When the Ninja 300 was unveiled in Europe, some automotive magazines were quick to rush to the conclusion that the images of the baby Kawasaki that surfaced recently are that of the Ninja 300 and not the new 250R. Well, not entirely true. Considering both motorcycles look almost identical but for the subtle differences in the engine bay, one could be forgiven for mistaking the 300 to be a 250R! Kawasaki recently launched the new Ninja 250R styled to look more like its elder brother the ZX-10R, in Indonesia. TMCBlog has a first ride of the new 250R up already.
Europe had a pleasant surprise in store when Kawasaki unveiled the Ninja, looking not very different from the Indonesian 250R, but with a 296cc mill making 29.0 kW (39 PS) at 11,000 rpm and a maximum torque of 27.0 Nm at 10,000 rpm. Compare this to the 249cc mill that makes 23.5 kW (32 PS at 11,000 RPM and a maximum torque of 21.0 Nm at 10,000 RPM.
We can’t help but point fingers at the new regulations that will come to force in the European Union from January 19th 2013. In a nutshell the new regulations bring to fore a new driving license category ‘Category A2’ that lets any rider at least 19 years of age to ride a motorcycle that makes no more than 35kW, 10 kW more compared to the current regulations which permit only 25kW (around 33.5 bhp) motorcycles for learners. This might have been one reason why Kawasaki decided to take the plunge and face the Honda CBR 250R with more ammunition.
In addition to the bump in performance, the Ninja 300 also gets a new ‘Assist & Slipper’ clutch serving up dual benefits. The new setup uses two types of cams in tandem.
The assist cam acts as a self-servo mechanism, pulling the clutch plates together and enables lighter clutch springs to be used, requiring lesser effort at the lever.
The slipper cam as with other slipper clutches comes into play when engine braking is so high during rapid downshifts that the rear wheel might lose traction. The race-style back-torque limiting function helps prevent wheel-hop when downshifting says Kawasaki.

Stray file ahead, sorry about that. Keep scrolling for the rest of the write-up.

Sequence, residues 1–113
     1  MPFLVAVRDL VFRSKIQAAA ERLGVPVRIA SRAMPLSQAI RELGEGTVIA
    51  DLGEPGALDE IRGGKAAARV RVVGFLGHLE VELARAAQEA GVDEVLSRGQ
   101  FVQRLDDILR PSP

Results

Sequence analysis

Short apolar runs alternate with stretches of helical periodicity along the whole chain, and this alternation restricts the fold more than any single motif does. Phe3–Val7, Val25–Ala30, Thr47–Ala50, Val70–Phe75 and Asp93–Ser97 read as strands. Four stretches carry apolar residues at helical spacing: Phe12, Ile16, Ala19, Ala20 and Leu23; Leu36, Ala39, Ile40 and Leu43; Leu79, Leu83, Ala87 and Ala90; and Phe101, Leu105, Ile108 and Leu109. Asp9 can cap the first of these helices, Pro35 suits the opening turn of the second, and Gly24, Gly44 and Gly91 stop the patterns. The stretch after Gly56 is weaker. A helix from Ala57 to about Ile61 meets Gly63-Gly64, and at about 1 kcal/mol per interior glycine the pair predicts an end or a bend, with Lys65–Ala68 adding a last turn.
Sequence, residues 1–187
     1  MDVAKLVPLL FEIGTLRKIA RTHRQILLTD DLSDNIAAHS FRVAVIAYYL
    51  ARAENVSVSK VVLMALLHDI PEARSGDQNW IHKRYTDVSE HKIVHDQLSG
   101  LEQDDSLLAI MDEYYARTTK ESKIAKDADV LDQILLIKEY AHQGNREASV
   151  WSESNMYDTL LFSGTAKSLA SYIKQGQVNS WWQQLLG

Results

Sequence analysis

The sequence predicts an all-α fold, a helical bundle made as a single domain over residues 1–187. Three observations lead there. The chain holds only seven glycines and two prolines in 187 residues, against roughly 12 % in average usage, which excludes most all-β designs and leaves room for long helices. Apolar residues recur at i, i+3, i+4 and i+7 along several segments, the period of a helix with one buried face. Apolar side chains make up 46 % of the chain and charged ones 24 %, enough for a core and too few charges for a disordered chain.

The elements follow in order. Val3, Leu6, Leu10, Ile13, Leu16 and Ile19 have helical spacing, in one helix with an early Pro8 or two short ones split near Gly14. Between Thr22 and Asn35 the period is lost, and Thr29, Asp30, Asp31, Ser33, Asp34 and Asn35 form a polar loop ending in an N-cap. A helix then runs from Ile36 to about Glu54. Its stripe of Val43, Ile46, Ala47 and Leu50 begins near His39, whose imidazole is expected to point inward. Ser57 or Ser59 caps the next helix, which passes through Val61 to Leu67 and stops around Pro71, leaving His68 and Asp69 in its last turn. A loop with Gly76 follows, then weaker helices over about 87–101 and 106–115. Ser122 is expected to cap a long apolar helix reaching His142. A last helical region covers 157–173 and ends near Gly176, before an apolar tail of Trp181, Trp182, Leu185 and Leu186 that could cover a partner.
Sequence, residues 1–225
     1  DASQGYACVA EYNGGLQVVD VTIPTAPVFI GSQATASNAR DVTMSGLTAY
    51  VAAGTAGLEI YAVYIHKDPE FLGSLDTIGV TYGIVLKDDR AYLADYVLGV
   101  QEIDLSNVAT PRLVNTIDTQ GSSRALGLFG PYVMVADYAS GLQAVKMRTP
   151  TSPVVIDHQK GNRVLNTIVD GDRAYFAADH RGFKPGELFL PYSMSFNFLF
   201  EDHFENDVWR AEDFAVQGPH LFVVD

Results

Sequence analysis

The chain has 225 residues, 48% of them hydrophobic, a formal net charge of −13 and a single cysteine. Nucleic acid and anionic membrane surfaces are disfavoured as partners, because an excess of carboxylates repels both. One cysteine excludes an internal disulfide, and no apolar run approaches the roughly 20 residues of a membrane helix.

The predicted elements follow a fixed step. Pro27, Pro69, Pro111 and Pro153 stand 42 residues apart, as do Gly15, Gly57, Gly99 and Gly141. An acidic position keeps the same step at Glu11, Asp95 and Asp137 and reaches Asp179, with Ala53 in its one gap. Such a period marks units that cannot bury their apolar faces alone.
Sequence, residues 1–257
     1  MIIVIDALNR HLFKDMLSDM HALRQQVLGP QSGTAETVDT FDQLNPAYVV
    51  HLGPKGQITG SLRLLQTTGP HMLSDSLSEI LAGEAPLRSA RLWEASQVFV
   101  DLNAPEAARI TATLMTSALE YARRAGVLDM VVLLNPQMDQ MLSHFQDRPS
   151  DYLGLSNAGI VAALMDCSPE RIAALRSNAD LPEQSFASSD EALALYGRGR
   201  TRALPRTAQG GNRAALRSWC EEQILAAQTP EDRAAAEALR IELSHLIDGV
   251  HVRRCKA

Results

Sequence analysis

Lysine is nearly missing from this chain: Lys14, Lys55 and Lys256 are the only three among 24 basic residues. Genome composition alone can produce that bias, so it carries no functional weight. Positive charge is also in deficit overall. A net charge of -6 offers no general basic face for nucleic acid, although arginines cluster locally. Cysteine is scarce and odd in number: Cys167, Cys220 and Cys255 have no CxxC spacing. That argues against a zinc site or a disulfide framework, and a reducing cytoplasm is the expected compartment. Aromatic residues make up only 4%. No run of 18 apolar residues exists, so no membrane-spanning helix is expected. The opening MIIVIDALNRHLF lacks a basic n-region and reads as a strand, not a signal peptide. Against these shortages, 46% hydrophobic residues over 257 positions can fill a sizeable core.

Kawasaki Ninja 300
Kawasaki Ninja 250R
Europe gets the Lime Green and Ebony Black colour options, we’ll have to wait and watch if the special edition colours are launched there.
Both the 250 and the 300 get a second set of ECU-controlled throttle valves to precisely regulate intake airflow for natural, linear response, improved combustion efficiency and increased power. Kawasaki uses this technology in the bigger siblings the ZX-6R and the ZX-10R. Kawasaki also says the body work is designed to promote airflow to help dissipate heat effectively. The large openings and fin design of the fairings are said to be inspired by those of the Ninja ZX-14R. Kawasaki also says the have an ‘innovative’ piece of tech : the radiator fan cover that directs hot engine air down and away from the rider.
Now we wonder, why was there a need for a 250 at all? Restrictions for learners in the USA vary state to state and Kawasaki Japan still seems to be selling the older 250s. Which markets does Kawasaki think it can sell the new 250 in?
India, should in probability get the 300. To do otherwise in a nation where enthusiasts are left stranded with too few options would be far too cruel. It should be delightful to watch Bajaj try to price the 300 without treading on the new Kawasaki 650’s territory which has been one of the better priced offerings in the country.
Some reports claim that the 250 will be sold alongside the 300, why Kawasaki would do something like that is beyond our limited understanding of the market.